It was spider crabs that drew them together.

A circle of children, parents lingering at the back, gathered recently at a new screened-in space at Felix Neck Wildlife Sanctuary, the Vineyard’s MassAudubon center on Sengekontacket Pond, ready for the day’s Creature Feature.

Creature Feature is a program for kids aged three to seven, and today it was Gretchen Tisch’s job to tell them everything they ever wanted to know about spider crabs, a creature whose two names separately can strike fear in the imagination.

Yet the children jumped to their feet enthusiastically as Ms. Tisch began reciting a poem about a spider crab named Sally. They gleefully imitated her motions for a crab, spider, pear and cape while listening intently to the unique characteristics of spider crabs.

Ms. Tisch proved spider crabs are quite fascinating and fun creatures, for numerous reasons. One is their 10 elongated, spider-like legs, which spring out from their spiked shells to crawl slowly and gently from one place to the next. Another is their outer shell, used as a natural camouflage and primary shield to conceal themselves from aquatic predators. Naturally, they have a distinct pear shape and differ in size according to gender.

To demonstrate the difference between the genders, Ms. Tisch took out two different specimens of spider crabs from separated plastic cups filled with water. She explained the way to tell is by looking at the abdomen. “The female has a rounded triangle. The male has a pointier, skinnier abdomen,” she said.

As she held the spider crabs in both hands, some children gravitated toward her, thrilled to see the living creatures and interact with them, while others returned toward parents for shelter from the sea crawlers. Ms. Tisch peered into the crowd of kids gazing at the crabs: “Who thinks they wanna hold one?

“They’re very nice. They don’t hurt,” she reassured the children.

Ms. Tisch took around the male spider crab first, and boys and girls cheerily anticipated the tickling sensation from the crab’s multiple legs gingerly walking across their hands. Some shy children even dared to touch the spider crab, after looking to parents and Ms. Tisch for reassurance. Others laughed and gained a new sense of accomplishment and bravery, while others waited until their parents allowed the spider crab to crawl on them first.

Next came the female spider crab. Ms. Tisch educated the children some more, highlighting interesting details about their body structure, such as the different shaped mouths of the female and male crabs. She also informed the kids about the spider crabs’ natural habitat in the ocean and areas such as Sengekontacket Pond, where Ms. Tisch found these particular specimens. Again, the children gathered around to touch the spider crabs before the group leader steered their attention toward arts and crafts.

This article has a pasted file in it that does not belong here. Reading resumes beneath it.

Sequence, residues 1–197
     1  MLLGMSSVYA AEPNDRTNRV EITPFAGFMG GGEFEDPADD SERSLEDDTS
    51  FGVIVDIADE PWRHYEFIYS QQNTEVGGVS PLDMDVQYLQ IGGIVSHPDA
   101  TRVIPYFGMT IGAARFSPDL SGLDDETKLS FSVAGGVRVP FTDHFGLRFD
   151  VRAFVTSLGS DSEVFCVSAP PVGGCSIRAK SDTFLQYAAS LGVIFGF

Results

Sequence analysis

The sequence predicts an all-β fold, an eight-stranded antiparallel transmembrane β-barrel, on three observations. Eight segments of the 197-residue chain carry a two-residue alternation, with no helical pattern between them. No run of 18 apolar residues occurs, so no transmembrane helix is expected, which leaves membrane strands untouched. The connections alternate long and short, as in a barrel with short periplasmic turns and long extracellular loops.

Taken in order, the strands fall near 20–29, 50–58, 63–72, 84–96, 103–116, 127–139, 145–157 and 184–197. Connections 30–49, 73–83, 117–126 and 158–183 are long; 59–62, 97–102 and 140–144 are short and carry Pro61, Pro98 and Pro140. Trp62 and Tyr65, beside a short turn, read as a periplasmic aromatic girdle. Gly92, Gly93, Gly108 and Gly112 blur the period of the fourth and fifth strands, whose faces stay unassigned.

The children constructed their very own personalized spider crabs made out of colorful container lids, pipe cleaners, glue, paper and beads. “Camouflage it from your favorite place,” Ms. Tisch said, citing multiple places they could use for inspiration, such as their bedroom or the ocean. Parents and babysitters helped kids create original, artistic renditions of spider crabs. Some kids who were still puzzled and not quite sure how they should go about constructing their spider crab turned to Ms. Tisch for advice. She jubilantly asked, “What do spider legs look like?” and, “You can bend them however you want so they look like a spider crab.”

So they twisted and beaded, and added glitter glue and green crinkled paper representing seaweed as their parents took photos. The result was a crafty keepsake of their excursion to Felix Neck.

Ms. Tisch, an art education major, said, “I love the art part.”

Young participants Ryan and Ben Standaert agreed they had learned a lot about spider crabs. Ryan said, “I kind of learned that you can tell the difference between them by their abdomens.” Ben added, “I didn’t know they were shaped like a pear.”

Liza Opel-Omia said her favorite part was, “making the crabs . . . touching them and also holding them.”

Tiffany Johnson, babysitter of seven-year-old Jackson Pachico, noted that she believed she was too old to participate in the event, but was excited to be back at Felix Neck: “I went a bunch when I was a kid.”

Ms. Tisch said parents often participate: “They get involved, encouraging their children ... some are already coming tomorrow.” Lynn Martinka, a parent, said the kids generally gravitate toward “anything hands-on.”

Liz Thorn, another parent, who has returned to Felix Neck year after year, reported to the Gazette, “We always love to come. They learn things as well as have fun making things. It’s great when. they go to the beach — they feel like experts,” she said


Creature Feature programs are at Felix Neck most Tuesday and Wednesday mornings from 10:30 to 11:30 a.m. See the Vineyard Living listings in the Gazette for the creature of the day.